The Horror of Hume

by vegetables [Reviews - 0]

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  • Teen
  • None
  • Action/Adventure, Alternate Universe, Drama, General, Horror, Humor, Hurt/Comfort, Introspection, Mixed, Mystery, Series

The Doctor had to do something clever with her torch to catch up to where the Earthlings had gone. It gave out light in a way that wasn’t quite like brightness, making everything in the caves look lit by a winter dawn. The cold light made Chris very aware that it was cold beneath the asteroid, too, even wrapped in the folds of her ridiculous spacesuit. She shivered, and breathed in the false air the suit had produced for her. She felt very alone in that place, in a way that she never had before.

Yet even as she did she could hear the voices of the Earthlings, chattering to each other at a place where the cavern sloped down and away. They’d come for oil, but there wasn’t much of it so far up: just tiny pools of it that welled up from spots in the rocky ground.

“We were looking for oil on an asteroid back home,” said Chris. “I thought it was a stupid idea. Is it this one, too? Or is there oil everywhere?”

“I’m working it out,” said the Doctor. “I have a few ideas. If we’re very lucky, they’ll all turn out to be wrong.”

“It was never going to be easy,” Drocks was saying up ahead. “A mission like this was always going to have its obstacles. At least a rockfall’s easy to overcome.

The light of the Doctor’s torch met the light from the Earthlings’ suits, and the five of them looked at each other uncomfortably.

“Rocks in the way,” said Bol. “Don’t suppose you could give us a hand? You could film it, even, to show what it’s like behind the scenes. This can’t be the worst thing your crew has had to put up with.”

“It’s not,” said Chris as she shivered in her suit.

“Only we’re on a schedule, you see, and I’ve important plans back home. My wife’s just hatched us a clutch of children. I’ll need to be getting back so we can eat them.”

What?” said Chris.

“I know,” sighed Bol. “I should’ve been there when they hatched.” He laughed. “My wife’s going to kill me”–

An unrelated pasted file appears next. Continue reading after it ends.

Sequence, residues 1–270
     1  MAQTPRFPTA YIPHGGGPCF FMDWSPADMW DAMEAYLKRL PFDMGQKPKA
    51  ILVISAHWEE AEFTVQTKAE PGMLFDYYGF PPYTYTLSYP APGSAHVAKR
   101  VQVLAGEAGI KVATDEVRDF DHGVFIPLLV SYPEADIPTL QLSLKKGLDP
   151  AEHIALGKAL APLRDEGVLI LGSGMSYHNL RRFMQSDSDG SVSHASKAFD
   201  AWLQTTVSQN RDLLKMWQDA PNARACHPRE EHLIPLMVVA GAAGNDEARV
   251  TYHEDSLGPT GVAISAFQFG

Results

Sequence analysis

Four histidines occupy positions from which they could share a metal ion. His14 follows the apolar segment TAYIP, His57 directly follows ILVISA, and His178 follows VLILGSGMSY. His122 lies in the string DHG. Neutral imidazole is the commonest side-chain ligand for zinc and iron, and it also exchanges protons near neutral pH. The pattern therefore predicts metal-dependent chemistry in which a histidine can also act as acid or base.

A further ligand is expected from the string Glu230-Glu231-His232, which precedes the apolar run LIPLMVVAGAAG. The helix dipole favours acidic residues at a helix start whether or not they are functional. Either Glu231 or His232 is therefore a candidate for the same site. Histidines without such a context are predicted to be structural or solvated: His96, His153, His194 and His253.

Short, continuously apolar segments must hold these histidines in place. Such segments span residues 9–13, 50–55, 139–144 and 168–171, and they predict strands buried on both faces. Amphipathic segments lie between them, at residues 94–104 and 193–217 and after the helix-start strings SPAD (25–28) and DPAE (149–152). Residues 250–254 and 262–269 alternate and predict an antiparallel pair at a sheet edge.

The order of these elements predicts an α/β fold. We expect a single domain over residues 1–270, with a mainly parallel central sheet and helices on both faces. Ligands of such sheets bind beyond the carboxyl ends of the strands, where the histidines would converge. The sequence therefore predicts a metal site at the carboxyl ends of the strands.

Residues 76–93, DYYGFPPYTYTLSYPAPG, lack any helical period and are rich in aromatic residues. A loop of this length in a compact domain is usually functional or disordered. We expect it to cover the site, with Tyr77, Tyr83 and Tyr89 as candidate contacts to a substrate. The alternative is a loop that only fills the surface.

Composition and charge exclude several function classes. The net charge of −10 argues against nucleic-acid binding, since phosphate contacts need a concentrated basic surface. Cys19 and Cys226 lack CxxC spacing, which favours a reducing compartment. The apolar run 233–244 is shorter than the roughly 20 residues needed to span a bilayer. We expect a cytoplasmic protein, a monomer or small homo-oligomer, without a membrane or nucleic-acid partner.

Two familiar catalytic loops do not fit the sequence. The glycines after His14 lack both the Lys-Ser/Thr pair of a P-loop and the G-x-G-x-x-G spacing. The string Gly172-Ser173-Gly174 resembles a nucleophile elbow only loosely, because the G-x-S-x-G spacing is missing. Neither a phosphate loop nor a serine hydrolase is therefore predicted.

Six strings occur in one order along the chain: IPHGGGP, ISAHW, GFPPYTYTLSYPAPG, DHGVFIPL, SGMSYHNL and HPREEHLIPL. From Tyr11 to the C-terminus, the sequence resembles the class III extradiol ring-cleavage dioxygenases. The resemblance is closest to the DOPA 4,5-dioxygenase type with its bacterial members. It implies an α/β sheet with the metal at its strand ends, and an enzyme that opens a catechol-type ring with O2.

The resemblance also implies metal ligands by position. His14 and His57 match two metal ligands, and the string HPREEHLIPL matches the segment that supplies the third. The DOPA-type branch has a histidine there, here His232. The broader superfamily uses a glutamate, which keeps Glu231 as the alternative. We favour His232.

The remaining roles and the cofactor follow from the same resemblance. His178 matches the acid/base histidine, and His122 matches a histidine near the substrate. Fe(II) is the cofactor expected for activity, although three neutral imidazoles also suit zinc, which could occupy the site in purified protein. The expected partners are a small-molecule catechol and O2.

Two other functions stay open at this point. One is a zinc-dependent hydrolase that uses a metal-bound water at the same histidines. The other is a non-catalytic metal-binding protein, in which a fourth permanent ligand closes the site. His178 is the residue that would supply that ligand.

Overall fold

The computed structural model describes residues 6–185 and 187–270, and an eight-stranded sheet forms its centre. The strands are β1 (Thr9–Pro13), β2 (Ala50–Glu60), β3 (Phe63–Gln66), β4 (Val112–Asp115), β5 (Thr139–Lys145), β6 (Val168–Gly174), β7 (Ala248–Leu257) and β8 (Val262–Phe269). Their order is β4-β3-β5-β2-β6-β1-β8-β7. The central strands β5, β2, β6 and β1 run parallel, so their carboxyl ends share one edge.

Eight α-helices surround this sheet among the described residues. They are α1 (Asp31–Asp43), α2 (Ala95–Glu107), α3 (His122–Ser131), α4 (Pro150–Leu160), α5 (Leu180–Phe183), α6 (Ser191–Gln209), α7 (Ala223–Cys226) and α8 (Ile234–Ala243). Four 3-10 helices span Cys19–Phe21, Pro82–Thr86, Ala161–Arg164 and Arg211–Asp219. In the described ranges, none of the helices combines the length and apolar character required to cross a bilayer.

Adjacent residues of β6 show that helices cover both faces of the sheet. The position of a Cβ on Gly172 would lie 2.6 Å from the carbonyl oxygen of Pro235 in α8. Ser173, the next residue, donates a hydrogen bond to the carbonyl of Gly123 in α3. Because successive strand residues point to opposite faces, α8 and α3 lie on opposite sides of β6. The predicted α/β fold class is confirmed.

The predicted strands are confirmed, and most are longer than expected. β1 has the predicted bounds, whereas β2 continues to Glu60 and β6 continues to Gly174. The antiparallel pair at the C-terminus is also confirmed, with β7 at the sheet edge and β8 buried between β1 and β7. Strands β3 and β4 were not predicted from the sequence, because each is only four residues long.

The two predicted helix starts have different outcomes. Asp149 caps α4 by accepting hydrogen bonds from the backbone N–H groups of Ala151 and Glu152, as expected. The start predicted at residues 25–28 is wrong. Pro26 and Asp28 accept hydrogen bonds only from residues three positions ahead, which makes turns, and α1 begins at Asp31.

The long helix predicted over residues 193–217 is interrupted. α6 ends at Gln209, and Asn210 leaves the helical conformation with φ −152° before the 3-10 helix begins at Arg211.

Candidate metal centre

“She’s going to kill your children!” said Chris. “She’s going to eat them. I’m a child,” she said. “If I was yours, would you eat me?”

You?” said Kala, horrified. “You look so old! Bol and I both have sons that aren’t really children anymore. We certainly wouldn’t think of eating them. Even to consider it would be shocking.”

“It’s shocking on Hume however old a child is,” said the Doctor. “They care a lot about children there. It’s one of the reasons why I’m so fond of the place. And why I’m so particular about saving it.”

“I think the mammals are right, if I’m honest,” Drocks said as he chiselled away. “Everyone does it,” he said cheerily, “but that doesn’t mean it’s right.” He smiled. “Maybe we’re all just awful, and don’t deserve to survive at all. And maybe we won’t, if finding the oil goes south.”

“Why do you need oil from space, anyway?” said Chris. “There’s lots of it there down on Earth.”

“Not anymore,” said Kala. “Word is if we don’t find more soon we might even have to drill in the oceans. Though the Sea Devils’d have something to say about that!”

Kala!” said Drocks. “You can’t use slurs like that! Not in front of the aliens! Not in front of anyone!” He looked apologetically to Chris and the Doctor. “It’s not like people think. We don’t say things like Sea Devils where we’re from. Please don’t put that in your documentary.”